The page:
Mahdi Tunics

A Mahdi follower's tunic, Sudan, late 19th century. A Mahdi follower's tunic, Sudan, late 19th century. Copyright Trustees of the British Museum, acc. no. af1979,01.5090.

The so-called Mahdi tunics (jibba), decorated wih appliqué, were worn by the followers of Mohammad Ahmad bin Abd Alla (1844-1885). He was a Sufi sheikh from the Sudan who in 1881 proclaimed himself the Mahdi (messianic redeemer of the Islamic faith). This took place at a time of growing local resentment against the policies of the Ottoman-Egyptian rulers and the growing power of the British.

Mohammad Ahmad used the messianic beliefs of the time to propagate a ‘purer’ Islamic state. Followers (ansar) in the Mahdist army wore outfits (muraqqa`a), whose main garment was a tunic (jibba) made from cotton. A basic tunic had long sleeves and a flared skirt. The garment was decorated with large appliqué patches of cotton and/or wool in a variety of shapes. These patches were deliberate references to the virtues of poverty and humility espoused by the Mahdists and their Sufi background.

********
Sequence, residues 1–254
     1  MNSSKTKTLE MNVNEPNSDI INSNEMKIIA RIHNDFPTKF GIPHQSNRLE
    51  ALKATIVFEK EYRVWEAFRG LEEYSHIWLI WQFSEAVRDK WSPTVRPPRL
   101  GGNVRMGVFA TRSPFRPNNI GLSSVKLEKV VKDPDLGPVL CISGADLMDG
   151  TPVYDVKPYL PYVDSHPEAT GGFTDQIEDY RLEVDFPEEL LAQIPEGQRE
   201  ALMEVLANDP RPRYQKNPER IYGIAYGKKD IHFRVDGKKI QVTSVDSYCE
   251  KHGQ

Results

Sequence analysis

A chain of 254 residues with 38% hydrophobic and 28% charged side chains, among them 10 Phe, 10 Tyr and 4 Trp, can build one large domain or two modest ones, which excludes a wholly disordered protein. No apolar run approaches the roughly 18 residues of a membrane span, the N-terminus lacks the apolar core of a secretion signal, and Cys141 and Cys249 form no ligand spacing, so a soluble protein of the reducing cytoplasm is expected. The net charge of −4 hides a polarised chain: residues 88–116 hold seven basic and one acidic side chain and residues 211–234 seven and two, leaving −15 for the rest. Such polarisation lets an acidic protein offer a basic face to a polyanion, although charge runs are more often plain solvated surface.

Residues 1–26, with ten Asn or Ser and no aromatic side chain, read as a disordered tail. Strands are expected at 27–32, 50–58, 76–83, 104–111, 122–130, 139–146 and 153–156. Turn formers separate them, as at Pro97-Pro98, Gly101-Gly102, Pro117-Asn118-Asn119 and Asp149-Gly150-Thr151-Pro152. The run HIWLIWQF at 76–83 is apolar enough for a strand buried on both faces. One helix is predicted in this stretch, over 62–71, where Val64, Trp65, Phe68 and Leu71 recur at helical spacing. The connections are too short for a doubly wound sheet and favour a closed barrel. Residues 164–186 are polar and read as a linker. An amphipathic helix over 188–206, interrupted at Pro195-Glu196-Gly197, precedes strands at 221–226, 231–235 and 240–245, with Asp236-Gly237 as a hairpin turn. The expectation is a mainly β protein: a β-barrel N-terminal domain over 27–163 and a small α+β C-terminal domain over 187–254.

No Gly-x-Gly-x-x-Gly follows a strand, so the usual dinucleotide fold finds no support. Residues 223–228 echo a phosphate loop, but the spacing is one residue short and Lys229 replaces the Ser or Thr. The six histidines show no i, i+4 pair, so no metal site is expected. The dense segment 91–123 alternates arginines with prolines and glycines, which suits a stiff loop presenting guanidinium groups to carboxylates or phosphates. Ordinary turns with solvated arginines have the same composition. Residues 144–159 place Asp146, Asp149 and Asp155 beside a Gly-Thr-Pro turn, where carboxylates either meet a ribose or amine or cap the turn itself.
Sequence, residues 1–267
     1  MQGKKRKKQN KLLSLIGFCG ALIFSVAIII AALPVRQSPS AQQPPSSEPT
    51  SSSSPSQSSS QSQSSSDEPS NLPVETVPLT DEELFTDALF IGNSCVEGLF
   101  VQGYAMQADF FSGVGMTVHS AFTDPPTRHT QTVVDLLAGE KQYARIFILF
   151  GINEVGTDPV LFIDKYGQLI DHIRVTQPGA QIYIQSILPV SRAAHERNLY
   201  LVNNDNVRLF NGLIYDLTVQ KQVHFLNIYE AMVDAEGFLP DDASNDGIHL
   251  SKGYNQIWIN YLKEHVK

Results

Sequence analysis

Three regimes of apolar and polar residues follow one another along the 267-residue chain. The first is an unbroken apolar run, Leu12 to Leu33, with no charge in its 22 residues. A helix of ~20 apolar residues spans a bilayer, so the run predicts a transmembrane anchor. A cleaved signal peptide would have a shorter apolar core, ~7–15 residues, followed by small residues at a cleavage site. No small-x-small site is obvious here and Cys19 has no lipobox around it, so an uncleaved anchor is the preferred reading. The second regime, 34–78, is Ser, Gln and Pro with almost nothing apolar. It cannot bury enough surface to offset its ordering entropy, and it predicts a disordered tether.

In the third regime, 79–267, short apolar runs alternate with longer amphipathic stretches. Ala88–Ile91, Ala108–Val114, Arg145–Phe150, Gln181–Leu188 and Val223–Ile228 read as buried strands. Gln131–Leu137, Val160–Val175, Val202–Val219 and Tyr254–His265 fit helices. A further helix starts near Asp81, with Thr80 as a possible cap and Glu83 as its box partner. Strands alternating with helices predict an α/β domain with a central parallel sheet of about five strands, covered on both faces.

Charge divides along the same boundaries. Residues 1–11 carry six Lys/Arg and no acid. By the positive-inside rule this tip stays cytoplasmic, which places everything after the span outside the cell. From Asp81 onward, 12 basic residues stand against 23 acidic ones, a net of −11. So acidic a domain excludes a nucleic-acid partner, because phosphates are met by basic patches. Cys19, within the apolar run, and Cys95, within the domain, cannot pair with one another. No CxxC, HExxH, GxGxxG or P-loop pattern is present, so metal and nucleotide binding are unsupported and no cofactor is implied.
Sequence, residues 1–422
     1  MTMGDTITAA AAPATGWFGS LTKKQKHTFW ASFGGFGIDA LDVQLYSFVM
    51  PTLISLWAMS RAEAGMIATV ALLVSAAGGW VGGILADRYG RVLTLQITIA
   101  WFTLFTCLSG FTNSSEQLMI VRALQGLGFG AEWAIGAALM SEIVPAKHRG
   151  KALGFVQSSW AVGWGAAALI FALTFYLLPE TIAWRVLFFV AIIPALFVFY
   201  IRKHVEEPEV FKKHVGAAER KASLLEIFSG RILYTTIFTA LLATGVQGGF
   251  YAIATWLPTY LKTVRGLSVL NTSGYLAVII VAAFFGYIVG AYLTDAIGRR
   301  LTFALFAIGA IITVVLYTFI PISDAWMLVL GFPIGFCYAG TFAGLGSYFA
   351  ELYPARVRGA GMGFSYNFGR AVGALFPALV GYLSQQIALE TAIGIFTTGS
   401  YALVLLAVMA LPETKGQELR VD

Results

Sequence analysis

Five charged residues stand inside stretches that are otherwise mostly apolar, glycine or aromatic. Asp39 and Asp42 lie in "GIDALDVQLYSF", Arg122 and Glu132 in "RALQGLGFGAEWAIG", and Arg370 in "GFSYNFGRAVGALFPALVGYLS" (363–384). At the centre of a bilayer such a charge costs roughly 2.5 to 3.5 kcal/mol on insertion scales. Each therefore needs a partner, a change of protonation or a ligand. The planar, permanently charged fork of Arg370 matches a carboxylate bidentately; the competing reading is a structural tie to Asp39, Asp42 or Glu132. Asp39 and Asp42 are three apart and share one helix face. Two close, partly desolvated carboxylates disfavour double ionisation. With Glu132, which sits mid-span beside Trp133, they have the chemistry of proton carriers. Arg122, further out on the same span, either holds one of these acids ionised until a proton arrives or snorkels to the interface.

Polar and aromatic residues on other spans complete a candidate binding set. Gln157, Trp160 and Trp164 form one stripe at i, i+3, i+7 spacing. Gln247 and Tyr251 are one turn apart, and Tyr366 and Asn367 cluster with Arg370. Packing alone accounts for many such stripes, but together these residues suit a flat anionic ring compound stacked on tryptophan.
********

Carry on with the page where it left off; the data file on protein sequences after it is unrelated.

There were two forms of the Mahdi tunic, one worn by the rank and file followers and the other by the leaders. The ordinary tunics of the followers of the Mahdi were normally roughly appliquéd with blue and brown cotton and, later, woollen cloth, on an undyed cotton ground. The woollen cloth started to be used after the fall of Khartoum when stores of British cloth were found and distributed among the Mahdi’s followers.

The tunics worn by the leaders of the Mahdi army were much neater in appearance than those worn by the soldiers. The appliqué patches were used, for example, to accentuate the shape of the neckline. In addition, there was normally a scrolled pocket/patch on the chest. The entire tunic was often further embellished with embroidery that was used around the neck opening, sleeves, breast pocket and side patches. This form of Mahdi tunic was later adopted by other followers of the Mahdi and the Mahdi movement, but its use gradually died out in the twentieth century.

See also the TRC Needles entries on the Osman Digna’s tunic and on the Mahdi and decorative needlework.


  • HOLT, Peter Malcolm (2002). ‘Al-Mahdiyya,’ Encyclopaedia of Islam, Leiden: Brill, V:1247b, digital version.
  • PICTON, John and John MACK (1979). African Textiles, London: British Museum Publication, p. 171.

British Museum online catalogue (retrieved 23 April 2017).


Last modified on Monday, 24 April 2017 11:55